I appreciated the recent story by Evan Bevins in the Times on the Common Core Standards. I have been following the issue and was interested to hear what local school officials had to say. Sadly, it was what I might have guessed. When asked about some of the criticism the Standards have received Wolf Creek Superintendent Bob Caldwell said, "It's already passed. It's in law and we're not going to fight it."
Now that's a stout heart. I'm glad Caldwell was not around when Mr. Lincoln was thinking of issuing the Emancipation Proclamation or when the suffragettes were fighting for the vote. Assume the benevolence of the state and all will be well. That's a good lesson for the kids. If wonder if it gives Caldwell, or other local school administrators, pause to know that in recent days the Michigan House of Representatives voted to defund Common Core in their state, the full Indiana legislature voted to block the program's implementation in their state, and the Republican National Committee has voted unanimously to condemn the Standards. In other words, this is hardly a settled issue.
In the Times article, Caldwell went on to justify the adoption of Common Core on the ground that curricula or standards must be uniformed throughout the country in order to facilitate easy movement from one school system to the next "in our mobile society." While I understand the desire to make sure kids don't fall behind when they move, studies show that only about 2 percent of our school population makes a move each year. Are we really going to overhaul the entire educational system to meet the needs of so small a number of students? Has anyone considered whether there might be a more effective/cheaper fix to the problem? How about additional tutoring for the small group affected?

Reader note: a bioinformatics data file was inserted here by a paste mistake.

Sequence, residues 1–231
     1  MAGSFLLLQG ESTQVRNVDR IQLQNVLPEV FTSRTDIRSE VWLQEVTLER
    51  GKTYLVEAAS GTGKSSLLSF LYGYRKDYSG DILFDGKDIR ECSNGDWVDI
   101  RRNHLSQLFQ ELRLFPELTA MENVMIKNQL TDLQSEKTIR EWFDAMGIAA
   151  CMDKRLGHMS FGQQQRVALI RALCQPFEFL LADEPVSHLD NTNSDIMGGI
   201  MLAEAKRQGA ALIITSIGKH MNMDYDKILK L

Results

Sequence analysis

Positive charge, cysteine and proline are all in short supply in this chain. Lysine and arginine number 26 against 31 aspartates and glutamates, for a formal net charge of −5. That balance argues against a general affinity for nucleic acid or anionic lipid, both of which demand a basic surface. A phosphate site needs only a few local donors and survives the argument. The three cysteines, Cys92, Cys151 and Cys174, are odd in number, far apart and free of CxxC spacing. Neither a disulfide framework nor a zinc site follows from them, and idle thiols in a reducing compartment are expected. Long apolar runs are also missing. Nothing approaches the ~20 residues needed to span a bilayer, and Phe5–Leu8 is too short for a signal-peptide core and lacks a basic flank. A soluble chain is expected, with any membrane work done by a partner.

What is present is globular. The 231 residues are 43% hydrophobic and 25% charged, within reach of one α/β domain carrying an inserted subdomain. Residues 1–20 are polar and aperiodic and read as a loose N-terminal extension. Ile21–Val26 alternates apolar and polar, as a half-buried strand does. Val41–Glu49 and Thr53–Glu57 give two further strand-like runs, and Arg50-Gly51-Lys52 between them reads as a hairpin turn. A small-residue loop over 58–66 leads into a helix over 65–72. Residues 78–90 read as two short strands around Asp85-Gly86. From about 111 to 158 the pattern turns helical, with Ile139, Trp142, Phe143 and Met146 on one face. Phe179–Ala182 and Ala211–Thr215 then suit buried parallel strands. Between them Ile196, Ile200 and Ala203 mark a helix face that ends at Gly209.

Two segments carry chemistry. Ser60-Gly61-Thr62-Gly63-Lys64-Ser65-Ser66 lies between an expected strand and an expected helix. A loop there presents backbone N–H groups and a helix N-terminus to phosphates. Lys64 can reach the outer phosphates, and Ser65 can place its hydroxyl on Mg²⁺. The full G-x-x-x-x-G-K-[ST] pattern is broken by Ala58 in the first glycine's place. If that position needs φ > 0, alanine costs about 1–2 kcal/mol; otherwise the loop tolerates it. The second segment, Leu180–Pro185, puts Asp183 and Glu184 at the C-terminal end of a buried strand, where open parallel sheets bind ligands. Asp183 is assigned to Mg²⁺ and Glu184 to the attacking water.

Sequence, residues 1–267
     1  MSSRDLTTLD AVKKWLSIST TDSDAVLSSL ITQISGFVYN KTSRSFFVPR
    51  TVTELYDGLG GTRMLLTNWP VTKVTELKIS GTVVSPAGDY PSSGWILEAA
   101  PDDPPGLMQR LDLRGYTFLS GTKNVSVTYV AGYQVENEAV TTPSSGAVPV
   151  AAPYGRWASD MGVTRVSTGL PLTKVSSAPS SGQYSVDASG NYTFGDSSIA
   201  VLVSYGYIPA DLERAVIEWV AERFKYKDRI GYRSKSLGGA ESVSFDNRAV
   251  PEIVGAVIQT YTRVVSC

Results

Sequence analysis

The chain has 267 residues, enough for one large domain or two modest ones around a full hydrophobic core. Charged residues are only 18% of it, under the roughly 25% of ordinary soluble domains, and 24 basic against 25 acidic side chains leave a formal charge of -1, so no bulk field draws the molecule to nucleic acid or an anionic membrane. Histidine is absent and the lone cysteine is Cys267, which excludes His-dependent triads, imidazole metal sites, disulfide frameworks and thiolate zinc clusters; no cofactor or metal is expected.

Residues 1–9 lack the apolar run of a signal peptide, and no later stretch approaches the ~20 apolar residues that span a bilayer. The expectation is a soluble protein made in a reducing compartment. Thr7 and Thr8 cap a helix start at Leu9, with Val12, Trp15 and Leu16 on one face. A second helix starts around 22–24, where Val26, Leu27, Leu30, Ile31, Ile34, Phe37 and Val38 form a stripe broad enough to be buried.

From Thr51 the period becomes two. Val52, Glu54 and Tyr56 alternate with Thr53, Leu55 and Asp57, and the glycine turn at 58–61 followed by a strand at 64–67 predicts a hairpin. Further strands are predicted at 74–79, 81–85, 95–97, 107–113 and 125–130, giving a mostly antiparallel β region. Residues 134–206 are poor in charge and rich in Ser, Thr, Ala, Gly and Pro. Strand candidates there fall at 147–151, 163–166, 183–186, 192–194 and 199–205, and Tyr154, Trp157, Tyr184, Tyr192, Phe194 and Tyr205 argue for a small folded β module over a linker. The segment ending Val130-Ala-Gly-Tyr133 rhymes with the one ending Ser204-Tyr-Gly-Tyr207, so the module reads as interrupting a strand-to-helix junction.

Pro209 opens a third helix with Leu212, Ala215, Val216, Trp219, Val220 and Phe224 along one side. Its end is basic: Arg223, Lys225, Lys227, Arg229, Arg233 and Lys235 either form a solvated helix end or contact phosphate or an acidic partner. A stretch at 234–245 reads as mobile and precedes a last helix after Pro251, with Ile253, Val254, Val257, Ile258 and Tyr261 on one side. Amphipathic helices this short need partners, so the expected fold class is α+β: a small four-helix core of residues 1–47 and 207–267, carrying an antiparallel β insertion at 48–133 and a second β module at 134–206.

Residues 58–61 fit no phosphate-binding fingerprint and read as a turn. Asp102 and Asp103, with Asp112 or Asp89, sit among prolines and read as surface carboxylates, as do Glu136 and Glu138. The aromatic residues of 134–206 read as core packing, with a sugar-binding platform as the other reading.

Caldwell adds that in respect to helping kids transition from one school to the next, "it's not necessarily a bad thing to have a touch of federal regulations." If the effect of such a "touch" was to inoculate local districts against further federal intervention then that might be true. However, such an inoculation is unlikely and, inconvenient as it might be, it happens to be unconstitutional.
Before a new drug comes on the market the FDA tests it for years. Not to do so would be irresponsible. It would be cause for legal action if someone were sickened or killed by the untested drug. What we have done by rushing Common Core into the schools is no different from putting an untested medicine on the market. Why the rush? If some believe Common Core is the answer to our educational needs, then let's pilot it somewhere and see if it works before we impose it on 90 percent of the students in the country. Otherwise we risk educating a generation qualified to do nothing but become school administrators.
D. Austin Rehl